Historic Preservation

Architecture
5:25 am
Sat January 11, 2014

Historic House Is Yours Free, But There's A Catch

Architects at Paolasquare International are giving away this historic house in Arlington, Va. for free.
Sarah L. Voisin The Washington Post/Getty Images

Originally published on Sat January 11, 2014 12:53 pm

This little house is looking for a home.

In the past five years, 600 single-family homes have been demolished in Arlington, Va., many to make way for larger houses, according to a preservation group. One architectural firm is so determined to save one 1920s Sears kit house from demolition, it's giving the house away for free. But there's a catch: the buyer would need to pay to move it to a new location.

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Business & Economy
5:56 am
Mon September 16, 2013

School Renovation Helps East Durham Revitalization

Self Help's Tucker Bartlett with Maureen Joy Charter School students at ribbon cutting on South Driver Street.
Credit Leoneda Inge

There’s a section of East Durham undergoing major revitalization, and in the middle of it all is the oldest existing school building in the city.

But today, more than 100 years later, the old East Durham Graded School has been renovated in grand style.  The project is getting a lot of attention and economic developers and neighbors hope it’s the spark that will keep community revitalization going.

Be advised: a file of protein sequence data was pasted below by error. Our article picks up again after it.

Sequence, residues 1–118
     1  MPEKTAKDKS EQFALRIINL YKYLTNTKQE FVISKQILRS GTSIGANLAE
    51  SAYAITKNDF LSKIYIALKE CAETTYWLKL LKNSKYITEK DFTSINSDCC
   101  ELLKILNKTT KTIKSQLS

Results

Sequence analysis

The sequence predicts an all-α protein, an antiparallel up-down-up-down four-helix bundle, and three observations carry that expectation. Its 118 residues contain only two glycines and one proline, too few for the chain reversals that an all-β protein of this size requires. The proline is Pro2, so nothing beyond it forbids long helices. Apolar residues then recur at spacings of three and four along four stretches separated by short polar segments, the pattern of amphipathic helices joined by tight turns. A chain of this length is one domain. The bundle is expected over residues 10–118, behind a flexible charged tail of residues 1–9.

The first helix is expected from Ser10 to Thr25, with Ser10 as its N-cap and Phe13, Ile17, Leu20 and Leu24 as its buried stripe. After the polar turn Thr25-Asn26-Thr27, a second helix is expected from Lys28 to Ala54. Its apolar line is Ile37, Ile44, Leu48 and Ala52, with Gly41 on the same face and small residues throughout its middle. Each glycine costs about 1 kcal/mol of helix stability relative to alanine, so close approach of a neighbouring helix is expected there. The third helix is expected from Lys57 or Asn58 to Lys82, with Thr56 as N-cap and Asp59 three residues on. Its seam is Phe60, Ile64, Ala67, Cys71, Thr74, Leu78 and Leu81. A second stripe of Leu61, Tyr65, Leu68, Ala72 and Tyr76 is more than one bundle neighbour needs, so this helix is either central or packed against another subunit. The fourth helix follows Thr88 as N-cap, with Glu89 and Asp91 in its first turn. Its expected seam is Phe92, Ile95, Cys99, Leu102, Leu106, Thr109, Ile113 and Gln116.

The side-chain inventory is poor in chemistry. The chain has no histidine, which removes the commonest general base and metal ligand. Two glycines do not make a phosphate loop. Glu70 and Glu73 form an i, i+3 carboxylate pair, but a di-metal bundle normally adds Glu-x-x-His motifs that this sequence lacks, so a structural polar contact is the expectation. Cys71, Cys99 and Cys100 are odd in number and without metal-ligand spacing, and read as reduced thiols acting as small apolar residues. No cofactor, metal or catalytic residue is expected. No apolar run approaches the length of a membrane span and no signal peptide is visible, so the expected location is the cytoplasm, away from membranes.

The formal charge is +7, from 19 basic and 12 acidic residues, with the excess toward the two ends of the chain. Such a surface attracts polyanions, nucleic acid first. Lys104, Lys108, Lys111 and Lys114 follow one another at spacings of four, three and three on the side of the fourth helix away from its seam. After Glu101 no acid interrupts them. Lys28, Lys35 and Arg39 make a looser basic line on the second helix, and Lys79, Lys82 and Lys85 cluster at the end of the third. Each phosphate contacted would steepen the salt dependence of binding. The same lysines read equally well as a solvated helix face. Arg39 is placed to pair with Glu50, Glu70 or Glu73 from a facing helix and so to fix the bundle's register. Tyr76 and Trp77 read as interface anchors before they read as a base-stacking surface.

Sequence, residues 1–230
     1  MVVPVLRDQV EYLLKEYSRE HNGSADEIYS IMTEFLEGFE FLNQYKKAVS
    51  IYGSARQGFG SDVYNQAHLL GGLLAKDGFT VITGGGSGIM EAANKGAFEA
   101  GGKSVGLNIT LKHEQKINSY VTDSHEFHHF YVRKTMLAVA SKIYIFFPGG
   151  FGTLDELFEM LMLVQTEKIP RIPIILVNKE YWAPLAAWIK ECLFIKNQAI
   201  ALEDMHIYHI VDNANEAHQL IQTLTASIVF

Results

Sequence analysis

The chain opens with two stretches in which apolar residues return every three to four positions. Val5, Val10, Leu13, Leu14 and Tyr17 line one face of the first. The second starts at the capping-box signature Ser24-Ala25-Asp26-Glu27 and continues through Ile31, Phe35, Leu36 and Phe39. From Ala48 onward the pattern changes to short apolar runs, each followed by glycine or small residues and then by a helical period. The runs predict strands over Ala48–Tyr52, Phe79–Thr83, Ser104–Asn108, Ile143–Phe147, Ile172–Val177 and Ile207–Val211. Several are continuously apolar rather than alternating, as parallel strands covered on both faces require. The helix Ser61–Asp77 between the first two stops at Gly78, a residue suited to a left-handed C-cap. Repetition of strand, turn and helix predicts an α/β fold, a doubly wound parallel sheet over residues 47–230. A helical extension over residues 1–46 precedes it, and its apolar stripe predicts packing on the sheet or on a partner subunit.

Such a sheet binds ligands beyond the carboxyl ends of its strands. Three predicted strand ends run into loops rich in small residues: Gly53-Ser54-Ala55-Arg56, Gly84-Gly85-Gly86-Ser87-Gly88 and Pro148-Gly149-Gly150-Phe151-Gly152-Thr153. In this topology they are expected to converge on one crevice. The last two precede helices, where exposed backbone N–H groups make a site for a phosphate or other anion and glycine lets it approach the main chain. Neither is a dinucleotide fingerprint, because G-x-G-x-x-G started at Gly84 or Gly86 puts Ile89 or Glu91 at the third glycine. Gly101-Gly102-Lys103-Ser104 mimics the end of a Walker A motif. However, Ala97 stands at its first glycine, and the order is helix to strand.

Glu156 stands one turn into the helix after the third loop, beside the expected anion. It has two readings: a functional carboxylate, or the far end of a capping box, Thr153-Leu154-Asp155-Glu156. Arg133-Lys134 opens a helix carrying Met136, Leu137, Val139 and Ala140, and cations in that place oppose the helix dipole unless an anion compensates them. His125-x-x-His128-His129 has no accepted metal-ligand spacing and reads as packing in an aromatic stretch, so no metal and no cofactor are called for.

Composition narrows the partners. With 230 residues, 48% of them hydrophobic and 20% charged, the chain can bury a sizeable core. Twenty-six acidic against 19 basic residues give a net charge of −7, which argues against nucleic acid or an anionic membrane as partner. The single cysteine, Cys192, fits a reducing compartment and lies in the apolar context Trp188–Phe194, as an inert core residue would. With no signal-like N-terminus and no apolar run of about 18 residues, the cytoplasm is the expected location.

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Business & Economy
7:50 am
Wed April 3, 2013

Durham Commission Approves Proposal For Downtown Tower

The proposed 26-story tower as it would be viewed from the Durham Bulls Athletic Park.
Credit Austin Lawrence Partners

Members of the Durham Historic Preservation Commission have voted to approve a 26-story mixed-use tower in the downtown area.  Colorado-based developer Austin Lawrence Partners plans to incorporate about 60 percent residential units and 40 percent retail and business space into the building.  Plans would also incorporate facades of older buildings into the high-rise's design. 

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Arts & Culture
4:49 pm
Mon January 28, 2013

Raleigh's Stone's Warehouse Could House Low-income Artists

Raleigh's old Stone's Warehouse building could be the future home to talented Triangle-area artists who often struggle to make ends meet. The city council has approved a 99-year lease with the state Historical Preservation Foundation for project. Landmark Asset Services is a Winston-Salem firm that specializes in such rehabs. The group has teamed up with developer Vann Joines - who says the 7-and-a-half million dollar Raleigh Arts Village will encourage people - from woodworkers to storytellers -to be an economic driver for the community.

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